James Anderson accepts that England may need to rotate their seamers during next month’s Test series against the West Indies after their enforced break from competitive action.
The lengthy coronavirus lockdown could yet extend the careers of players who all too rarely get time away from the international treadmill, but in the short term injuries appear more likely.
A three-match series in little more than three weeks will place considerable strain on bodies that have been out of their usual routine for the best part of four months, which is why England have put together a training group of 55.
Around 30 are due to be kept on as part of an enlarged squad in preparation for the first Test on July 8 and 37-year-old Anderson knows to expect more rotation than usual.
Having spent several months out of action with a calf injury in 2019, only to break a rib in his second match back against South Africa in January, the country’s record wicket-taker is just the kind of asset England will be eager to protect.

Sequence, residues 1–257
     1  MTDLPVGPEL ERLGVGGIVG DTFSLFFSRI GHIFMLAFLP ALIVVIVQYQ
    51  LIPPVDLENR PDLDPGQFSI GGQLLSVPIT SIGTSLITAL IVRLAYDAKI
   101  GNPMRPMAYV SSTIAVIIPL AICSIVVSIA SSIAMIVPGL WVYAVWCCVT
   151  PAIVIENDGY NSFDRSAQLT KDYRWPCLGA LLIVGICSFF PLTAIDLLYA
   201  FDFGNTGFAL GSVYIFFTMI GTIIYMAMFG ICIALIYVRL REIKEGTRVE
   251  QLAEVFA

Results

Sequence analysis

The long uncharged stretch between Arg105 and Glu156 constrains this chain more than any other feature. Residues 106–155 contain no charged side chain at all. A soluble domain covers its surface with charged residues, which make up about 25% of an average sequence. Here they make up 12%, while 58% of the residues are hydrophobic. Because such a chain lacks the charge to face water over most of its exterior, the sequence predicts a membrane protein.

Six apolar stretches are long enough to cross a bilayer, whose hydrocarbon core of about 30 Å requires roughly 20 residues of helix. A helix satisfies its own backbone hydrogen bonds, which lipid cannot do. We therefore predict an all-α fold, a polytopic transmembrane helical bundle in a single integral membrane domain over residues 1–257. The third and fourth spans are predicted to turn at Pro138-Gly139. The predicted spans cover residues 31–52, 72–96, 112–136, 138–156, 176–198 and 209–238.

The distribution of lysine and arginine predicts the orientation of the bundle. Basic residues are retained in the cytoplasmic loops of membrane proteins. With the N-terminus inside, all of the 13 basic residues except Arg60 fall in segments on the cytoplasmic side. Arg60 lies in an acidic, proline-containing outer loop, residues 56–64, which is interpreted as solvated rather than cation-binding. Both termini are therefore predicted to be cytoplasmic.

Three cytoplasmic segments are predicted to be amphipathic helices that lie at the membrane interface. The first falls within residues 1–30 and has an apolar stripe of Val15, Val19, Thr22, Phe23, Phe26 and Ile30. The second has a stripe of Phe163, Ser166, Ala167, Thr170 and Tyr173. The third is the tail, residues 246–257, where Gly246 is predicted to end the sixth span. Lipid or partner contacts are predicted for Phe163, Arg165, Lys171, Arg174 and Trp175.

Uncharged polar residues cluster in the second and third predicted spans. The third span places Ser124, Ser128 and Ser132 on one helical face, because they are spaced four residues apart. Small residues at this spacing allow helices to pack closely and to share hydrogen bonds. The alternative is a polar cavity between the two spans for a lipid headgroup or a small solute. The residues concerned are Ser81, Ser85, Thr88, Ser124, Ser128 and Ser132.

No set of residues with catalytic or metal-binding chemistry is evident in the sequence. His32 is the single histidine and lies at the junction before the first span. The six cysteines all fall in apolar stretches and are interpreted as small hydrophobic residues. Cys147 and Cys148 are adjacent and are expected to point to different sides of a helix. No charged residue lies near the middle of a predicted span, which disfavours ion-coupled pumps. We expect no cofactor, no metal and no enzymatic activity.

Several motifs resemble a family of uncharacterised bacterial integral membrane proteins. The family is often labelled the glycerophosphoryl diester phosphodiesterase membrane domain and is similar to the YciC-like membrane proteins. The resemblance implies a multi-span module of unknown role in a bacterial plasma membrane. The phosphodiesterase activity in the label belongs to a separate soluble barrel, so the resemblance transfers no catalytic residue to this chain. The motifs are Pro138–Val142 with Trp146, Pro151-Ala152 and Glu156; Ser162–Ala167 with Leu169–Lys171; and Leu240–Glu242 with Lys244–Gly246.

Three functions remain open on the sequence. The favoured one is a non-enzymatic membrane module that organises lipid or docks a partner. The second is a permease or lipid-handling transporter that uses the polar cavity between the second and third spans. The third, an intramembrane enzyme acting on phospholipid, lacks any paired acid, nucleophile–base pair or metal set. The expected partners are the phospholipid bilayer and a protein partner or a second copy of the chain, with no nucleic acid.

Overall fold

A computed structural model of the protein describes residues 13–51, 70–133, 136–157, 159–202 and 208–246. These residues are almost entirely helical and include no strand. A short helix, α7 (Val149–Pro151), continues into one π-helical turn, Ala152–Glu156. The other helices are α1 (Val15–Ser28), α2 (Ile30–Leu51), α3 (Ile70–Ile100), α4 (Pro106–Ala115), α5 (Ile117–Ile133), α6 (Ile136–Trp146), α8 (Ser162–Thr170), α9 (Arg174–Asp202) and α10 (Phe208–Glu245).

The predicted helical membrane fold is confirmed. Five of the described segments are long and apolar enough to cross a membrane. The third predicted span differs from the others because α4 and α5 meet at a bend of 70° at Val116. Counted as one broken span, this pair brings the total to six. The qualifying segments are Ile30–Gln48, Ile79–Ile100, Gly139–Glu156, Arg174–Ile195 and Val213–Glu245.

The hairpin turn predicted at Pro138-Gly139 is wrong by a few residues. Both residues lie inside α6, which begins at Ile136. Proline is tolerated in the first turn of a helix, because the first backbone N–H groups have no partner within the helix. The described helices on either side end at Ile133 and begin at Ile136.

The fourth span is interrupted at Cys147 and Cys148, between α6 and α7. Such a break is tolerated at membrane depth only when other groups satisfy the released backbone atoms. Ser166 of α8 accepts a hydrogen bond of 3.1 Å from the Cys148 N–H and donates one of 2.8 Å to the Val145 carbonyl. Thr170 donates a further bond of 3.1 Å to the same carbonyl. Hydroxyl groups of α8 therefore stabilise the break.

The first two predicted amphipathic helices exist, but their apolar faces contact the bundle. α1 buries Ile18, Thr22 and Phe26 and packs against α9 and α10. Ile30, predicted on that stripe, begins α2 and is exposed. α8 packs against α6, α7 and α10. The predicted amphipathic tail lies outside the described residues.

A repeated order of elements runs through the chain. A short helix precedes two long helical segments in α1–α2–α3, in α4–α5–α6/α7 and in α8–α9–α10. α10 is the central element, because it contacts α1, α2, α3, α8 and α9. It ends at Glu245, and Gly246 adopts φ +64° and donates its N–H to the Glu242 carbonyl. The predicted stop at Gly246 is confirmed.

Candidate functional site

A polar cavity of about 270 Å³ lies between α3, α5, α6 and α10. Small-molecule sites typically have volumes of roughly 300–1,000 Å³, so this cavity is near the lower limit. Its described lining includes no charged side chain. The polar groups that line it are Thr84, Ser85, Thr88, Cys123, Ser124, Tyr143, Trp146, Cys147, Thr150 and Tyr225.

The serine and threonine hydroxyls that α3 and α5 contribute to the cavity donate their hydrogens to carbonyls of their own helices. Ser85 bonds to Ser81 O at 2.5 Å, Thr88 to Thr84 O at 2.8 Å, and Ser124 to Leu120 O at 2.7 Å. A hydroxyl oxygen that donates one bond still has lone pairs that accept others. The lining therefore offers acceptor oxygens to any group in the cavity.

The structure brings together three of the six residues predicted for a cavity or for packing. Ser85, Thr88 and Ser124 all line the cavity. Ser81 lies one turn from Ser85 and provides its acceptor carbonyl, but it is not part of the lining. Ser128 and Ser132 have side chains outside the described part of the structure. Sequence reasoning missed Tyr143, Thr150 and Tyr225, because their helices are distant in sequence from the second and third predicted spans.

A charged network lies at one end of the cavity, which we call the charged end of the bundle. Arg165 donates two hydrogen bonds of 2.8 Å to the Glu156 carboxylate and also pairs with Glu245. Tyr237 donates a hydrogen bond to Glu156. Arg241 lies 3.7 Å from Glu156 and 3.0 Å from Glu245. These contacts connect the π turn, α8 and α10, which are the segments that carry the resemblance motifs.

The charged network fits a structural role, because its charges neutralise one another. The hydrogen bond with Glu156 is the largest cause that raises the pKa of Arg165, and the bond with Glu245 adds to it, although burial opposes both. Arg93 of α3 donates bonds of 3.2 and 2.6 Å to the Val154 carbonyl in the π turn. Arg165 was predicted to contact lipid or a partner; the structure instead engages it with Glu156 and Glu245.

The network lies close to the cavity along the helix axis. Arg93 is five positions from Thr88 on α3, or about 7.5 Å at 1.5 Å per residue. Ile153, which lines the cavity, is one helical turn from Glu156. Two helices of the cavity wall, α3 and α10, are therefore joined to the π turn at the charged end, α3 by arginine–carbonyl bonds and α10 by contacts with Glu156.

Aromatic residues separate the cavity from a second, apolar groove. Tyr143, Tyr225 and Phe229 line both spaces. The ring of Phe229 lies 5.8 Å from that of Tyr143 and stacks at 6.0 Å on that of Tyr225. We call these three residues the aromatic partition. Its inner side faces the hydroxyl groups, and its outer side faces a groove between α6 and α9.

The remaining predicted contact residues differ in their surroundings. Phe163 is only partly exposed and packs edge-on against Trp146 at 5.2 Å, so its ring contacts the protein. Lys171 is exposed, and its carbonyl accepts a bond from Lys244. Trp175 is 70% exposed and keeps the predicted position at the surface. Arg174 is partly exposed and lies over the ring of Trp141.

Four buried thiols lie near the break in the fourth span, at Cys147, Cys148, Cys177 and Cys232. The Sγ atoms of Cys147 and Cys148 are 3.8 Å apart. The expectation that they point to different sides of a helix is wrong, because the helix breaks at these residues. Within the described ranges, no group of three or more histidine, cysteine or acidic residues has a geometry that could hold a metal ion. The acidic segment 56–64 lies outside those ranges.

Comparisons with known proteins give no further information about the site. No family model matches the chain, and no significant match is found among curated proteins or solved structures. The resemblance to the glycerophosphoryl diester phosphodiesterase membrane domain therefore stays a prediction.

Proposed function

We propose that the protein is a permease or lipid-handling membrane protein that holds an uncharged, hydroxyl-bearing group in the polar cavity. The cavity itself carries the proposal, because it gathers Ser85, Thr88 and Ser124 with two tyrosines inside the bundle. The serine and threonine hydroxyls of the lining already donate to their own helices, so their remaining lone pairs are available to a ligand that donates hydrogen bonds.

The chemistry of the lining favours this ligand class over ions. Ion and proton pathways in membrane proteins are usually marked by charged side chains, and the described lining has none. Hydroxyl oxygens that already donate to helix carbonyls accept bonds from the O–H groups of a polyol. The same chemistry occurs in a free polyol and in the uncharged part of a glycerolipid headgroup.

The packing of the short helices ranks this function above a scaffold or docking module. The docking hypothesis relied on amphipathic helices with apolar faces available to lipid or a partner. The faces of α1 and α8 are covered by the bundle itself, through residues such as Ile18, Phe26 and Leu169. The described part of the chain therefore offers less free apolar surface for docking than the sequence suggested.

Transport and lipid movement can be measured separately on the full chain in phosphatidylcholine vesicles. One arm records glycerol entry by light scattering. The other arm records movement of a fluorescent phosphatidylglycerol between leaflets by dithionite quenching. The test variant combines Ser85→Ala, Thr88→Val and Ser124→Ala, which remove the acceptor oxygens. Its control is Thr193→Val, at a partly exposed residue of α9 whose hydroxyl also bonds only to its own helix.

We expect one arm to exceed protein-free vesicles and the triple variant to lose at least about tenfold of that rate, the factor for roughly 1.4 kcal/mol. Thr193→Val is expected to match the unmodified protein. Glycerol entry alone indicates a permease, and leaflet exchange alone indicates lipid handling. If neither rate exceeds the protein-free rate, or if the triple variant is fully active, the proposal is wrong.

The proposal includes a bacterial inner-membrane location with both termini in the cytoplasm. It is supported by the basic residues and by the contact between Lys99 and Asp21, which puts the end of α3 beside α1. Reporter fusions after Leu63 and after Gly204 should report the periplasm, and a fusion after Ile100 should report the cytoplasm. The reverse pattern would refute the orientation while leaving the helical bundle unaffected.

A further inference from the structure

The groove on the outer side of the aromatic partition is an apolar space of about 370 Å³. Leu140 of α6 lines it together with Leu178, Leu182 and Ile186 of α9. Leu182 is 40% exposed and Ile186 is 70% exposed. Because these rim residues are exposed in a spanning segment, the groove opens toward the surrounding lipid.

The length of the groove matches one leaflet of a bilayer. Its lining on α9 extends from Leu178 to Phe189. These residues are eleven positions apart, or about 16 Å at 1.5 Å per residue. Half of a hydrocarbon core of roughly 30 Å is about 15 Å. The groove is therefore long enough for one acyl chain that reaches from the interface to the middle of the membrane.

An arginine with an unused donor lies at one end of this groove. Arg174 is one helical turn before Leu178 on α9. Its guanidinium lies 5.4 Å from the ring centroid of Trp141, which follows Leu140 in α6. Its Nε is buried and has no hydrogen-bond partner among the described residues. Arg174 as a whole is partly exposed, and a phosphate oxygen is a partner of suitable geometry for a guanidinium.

“Obviously there are concerns – we’re not going to have had any competitive cricket before that first Test match and we’ve got three Tests in quick succession,” said Anderson.
“There are obviously things we need to look at in terms of workloads and whether we play all three as bowlers or whether we rotate. I’m sure the medical staff and coaches are doing their due diligence on that. It’s something we’ll have to look at in a few weeks’ time but at the moment I’m enjoying being back and feeling really good.”
Anderson has been bowling to Test opener Keaton Jennings at Emirates Old Trafford in recent days, a welcome step up from his improvised home-based drills .
“Training has been going really well, I managed to tick over quite well during lockdown,” he said.
“Luckily I’ve got enough space to fit half my run-up in on my driveway, so when I came back to training at Lancashire it’s not been going in cold. I felt like I hit the ground running pretty well. I’ve enjoyed being back.”